Latest News:  


Asiana crash payouts could differ

By Paul Elias in San Francisco (China Daily)

08:13, July 16, 2013

People pay tribute to three Chinese students killed in the Asiana air crash in San Francisco on July 6, in Seoul on Monday. (Photo from China Daily)

US citizens on Flight 214 expected to get higher damage compensation

The potential compensation for people who were aboard Asiana Airlines Flight 214 may be very different for US citizens and passengers from other countries, even if they were seated side by side as the South Korean jetliner crash-landed.

An international treaty governs compensation to passengers harmed by international air travel. The pact is likely to close US courts to many non-US citizens and force them to pursue their claims in Asia and elsewhere, where lawsuits are rarer, harder to win and offer smaller payouts.

Some passengers have already contacted lawyers.

"If you are a US citizen, there will be no problem getting into US courts. The other people are going to have a fight on their hands," said California attorney Frank Pitre, who represents two US citizens who were aboard the plane.

The flight that broke apart on July 6 at the San Francisco airport was carrying 141 Chinese, 77 South Koreans, 64 US citizens, three Canadians, three Indians, one Japanese, one Vietnamese and one person from France when it approached the runway too low and too slow. The Boeing 777 hit a sea wall before skidding across the tarmac and catching fire.

Three teenage girls from China were killed and more than 180 people injured, most not seriously.

Two girls, Ye Mengyuan and Wang Linjia, both 16, died at the scene. It is unclear whether Ye died in the crash or in the chaotic aftermath.

The third victim, 15-year-old Liu Yipeng, died on Friday at a hospital where she had been in critical condition since the crash.

The dozens who were seriously injured - especially the few who were paralyzed - can expect to win multimillion-dollar legal settlements, as long as their claims are filed in US courts, legal experts said.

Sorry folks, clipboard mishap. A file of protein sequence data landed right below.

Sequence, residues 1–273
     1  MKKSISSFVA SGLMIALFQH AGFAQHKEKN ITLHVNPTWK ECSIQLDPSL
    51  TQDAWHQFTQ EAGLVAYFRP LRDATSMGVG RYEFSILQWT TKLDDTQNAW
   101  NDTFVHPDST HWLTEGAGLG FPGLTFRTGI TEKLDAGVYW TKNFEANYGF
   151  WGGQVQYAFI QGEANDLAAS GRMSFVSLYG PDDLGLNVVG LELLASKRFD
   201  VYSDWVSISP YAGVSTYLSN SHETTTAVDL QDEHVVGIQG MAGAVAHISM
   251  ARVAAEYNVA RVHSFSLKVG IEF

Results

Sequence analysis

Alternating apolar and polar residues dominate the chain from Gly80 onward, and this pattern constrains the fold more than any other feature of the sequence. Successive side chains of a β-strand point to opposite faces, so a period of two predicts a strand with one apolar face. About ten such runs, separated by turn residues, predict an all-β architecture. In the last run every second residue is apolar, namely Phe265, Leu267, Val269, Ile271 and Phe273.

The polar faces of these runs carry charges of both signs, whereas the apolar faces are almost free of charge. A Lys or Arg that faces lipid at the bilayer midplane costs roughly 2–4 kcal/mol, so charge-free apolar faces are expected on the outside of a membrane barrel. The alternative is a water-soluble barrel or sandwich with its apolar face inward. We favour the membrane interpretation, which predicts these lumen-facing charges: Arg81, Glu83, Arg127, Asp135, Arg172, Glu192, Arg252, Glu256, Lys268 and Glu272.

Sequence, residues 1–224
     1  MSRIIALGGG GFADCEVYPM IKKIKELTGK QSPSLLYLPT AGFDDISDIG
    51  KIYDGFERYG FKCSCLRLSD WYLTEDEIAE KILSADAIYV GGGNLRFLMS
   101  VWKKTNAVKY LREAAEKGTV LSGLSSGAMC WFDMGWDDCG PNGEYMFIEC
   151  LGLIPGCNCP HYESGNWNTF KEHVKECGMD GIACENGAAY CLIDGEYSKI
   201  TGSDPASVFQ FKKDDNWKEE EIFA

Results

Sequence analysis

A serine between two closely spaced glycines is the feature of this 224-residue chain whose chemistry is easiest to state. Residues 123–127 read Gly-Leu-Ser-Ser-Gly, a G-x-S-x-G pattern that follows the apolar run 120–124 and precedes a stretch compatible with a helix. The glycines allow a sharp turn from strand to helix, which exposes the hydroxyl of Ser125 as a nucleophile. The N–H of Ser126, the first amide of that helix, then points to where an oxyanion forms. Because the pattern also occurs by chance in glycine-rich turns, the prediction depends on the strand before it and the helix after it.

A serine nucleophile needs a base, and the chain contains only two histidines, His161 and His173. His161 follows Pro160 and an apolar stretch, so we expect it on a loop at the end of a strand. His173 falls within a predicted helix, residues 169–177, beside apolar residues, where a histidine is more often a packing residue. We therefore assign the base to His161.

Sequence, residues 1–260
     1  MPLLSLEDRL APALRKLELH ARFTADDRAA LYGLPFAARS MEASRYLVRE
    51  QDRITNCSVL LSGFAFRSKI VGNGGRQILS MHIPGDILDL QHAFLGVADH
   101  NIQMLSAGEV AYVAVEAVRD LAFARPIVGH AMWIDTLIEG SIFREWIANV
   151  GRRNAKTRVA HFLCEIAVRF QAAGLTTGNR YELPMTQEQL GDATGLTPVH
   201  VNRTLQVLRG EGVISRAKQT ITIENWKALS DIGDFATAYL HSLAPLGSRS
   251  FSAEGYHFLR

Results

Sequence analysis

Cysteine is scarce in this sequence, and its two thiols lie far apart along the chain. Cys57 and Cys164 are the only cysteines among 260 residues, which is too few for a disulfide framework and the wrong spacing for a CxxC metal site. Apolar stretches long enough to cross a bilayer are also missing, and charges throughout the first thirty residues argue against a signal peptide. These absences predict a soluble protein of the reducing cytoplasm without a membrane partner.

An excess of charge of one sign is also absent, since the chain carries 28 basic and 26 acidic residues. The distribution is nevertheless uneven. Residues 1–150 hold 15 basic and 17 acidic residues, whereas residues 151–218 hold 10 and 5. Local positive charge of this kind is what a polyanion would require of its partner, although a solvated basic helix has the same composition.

California attorney Mike Danko, who is consulting with several lawyers from Asia about the disaster, said any passenger who was left a quadriplegic can expect settlements close to $10 million if the case is filed in the US. Deaths of children, meanwhile, may fetch around $5 million to $10 million in US courts depending on the circumstances.

In other countries, Danko explained, the same claims could be worth far less.

In 2001, a South Korean court ordered Korean Air Lines to pay $510,000 to a woman whose daughter, son-in-law and three grandsons were killed in the 1997 crash that killed 228 people in the US territory of Guam.

Broken bones in plane accidents usually mean $1 million settlements in the US and in the low five-figure range overseas, Danko said.

【1】 【2】

We Recommend:

U.S. presidents and their pets

Highlights of 50th Int'l Paris Air Show

Best photos of week (June 17 - June 23)

Venezuelan Army School boat visits Cuba

Afghan refugees at UNHCR registration center

Beauty contest held in Budapest, Hungary

Angelina Jolie visits refugee camp

'Super moon' hangs in the sky over Rotterdam

LA' Chinatown sets up statue of Bruce Lee

Email|Print|Comments(Editor:LiangJun、Yao Chun)

Leave your comment0 comments

  1. Name


Selections for you

  1. Female soldiers in China-Russia joint drill

  2. Lady officers complete Basic Air Borne course

  3. Best photos of week (July 8 - July 14)

  4. 9 young giraffes find new home in Qingdao

  5. San Francisco crash survivors come back home

  6. Daily life in central China county

  7. Highlights of global stewardesses' uniform

  8. Charming beauties at Super Model Contest

  9. History of China's auto industry

  10. Migrant workes' high incomes not that rosy

Most Popular


  1. China's economic growth slows to steadier pace
  2. Why the customer remains the king
  3. Going mobile is the key to business success
  4. Drone strikes only serve to help anti-Americanism
  5. State must control capital: Justin Yifu Lin
  6. Chinese economy not to take hard landing
  7. RMB becomes more market-oriented: official

What’s happening in China

Migrant workes' high incomes not that rosy

  1. 8 killed in rainstorm in NW China province
  2. Bus ticket dodgers may find credit list is next stop
  3. Buyer beware: expo can be wedding crushers
  4. Nanjing gears up for 'luxury' cabs
  5. Looking for relationship without sex